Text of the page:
Civilization or Savagery in the West?
The West in Native American Letters Written during the Removal Era
Pages 51 - 66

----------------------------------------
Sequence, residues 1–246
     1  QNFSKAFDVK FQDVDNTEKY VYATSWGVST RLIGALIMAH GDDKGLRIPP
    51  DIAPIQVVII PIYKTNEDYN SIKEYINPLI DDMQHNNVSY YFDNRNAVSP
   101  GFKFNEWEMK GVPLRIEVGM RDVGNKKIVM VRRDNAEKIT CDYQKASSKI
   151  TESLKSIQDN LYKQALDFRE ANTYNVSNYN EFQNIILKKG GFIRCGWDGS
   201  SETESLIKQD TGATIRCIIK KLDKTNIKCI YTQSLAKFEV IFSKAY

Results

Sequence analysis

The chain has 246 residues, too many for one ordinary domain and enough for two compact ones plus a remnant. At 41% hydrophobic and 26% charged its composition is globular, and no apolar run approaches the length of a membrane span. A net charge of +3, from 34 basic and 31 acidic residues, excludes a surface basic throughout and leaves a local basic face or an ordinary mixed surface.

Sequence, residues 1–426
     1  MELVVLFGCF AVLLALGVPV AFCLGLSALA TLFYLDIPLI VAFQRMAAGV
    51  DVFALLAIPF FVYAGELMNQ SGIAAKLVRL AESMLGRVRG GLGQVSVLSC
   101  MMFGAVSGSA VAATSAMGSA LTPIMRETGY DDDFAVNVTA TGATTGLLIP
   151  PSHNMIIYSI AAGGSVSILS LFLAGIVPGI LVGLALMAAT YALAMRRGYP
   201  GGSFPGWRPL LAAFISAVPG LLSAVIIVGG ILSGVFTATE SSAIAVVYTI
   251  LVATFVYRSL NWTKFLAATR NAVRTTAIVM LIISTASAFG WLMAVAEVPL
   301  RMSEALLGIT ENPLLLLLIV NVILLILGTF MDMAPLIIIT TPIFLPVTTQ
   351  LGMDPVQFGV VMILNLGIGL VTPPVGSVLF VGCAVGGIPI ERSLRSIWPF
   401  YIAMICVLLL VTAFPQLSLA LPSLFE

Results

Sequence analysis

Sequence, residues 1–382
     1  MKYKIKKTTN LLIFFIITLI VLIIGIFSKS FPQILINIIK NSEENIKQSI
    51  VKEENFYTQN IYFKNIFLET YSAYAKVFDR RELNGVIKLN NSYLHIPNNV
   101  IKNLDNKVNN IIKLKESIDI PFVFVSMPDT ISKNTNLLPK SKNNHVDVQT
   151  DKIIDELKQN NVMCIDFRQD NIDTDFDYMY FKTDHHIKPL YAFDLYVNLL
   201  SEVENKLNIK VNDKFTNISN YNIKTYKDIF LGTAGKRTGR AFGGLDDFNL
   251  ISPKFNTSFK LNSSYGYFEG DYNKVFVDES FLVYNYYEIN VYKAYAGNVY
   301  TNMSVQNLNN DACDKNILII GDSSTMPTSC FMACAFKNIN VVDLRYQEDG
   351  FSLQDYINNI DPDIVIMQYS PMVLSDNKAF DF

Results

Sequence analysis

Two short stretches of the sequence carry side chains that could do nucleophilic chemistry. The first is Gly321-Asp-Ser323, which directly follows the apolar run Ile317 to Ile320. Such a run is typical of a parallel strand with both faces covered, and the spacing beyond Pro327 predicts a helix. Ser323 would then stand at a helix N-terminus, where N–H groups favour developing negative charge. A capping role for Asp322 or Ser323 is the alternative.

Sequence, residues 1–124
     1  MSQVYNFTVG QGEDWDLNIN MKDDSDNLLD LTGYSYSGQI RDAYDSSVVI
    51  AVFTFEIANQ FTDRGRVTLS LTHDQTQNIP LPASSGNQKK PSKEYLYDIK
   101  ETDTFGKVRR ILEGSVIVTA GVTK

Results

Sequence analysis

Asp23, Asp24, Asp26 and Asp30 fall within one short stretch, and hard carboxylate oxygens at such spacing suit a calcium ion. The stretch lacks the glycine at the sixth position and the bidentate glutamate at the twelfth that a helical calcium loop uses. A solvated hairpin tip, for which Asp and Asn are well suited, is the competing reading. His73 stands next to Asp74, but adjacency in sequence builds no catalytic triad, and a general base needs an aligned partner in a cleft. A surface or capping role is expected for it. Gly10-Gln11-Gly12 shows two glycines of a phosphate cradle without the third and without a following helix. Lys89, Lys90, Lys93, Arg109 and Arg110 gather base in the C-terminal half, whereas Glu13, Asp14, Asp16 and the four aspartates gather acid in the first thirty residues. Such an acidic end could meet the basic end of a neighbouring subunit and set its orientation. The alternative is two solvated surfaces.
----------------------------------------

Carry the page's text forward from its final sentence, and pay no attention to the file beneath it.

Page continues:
This article argues that, in their letters, memorials, and petitions to the federal government, both Cherokee and Seneca proponents and opponents of the removal policy, which sought to resettle all Native Americans to the West of the Mississippi, portrayed the West as a type of absence. Removal’s proponents among the two tribes claimed the West to be their salvation and a place where they would be able to become “civilized,” just as the policy promised. In these written communications, the West became a sanctuary through an absence of white influences. Cherokee and Seneca opponents of the policy argued that removal was counterproductive and would be unable to make them more civilized. To make their case, they portrayed the West, the place they were supposed to remove to, as an absence of civilization, a place fit only for savages. They also characterised it by contrasting it to their own lands, to which they felt an emotional attachment, and thus described it as the absence of such attachment. Proponents as well as opponents of removal defined the West to suit the argument they sought to make but always described it as an absence, an empty place onto which they projected their own hopes and fears in their letters. However, in doing so, removal’s tribal adversaries as well as its advocates among the two tribes insisted on making their own decisions and determining their own destinies, even in a time when they were often depicted as being mere pawns in a larger political play.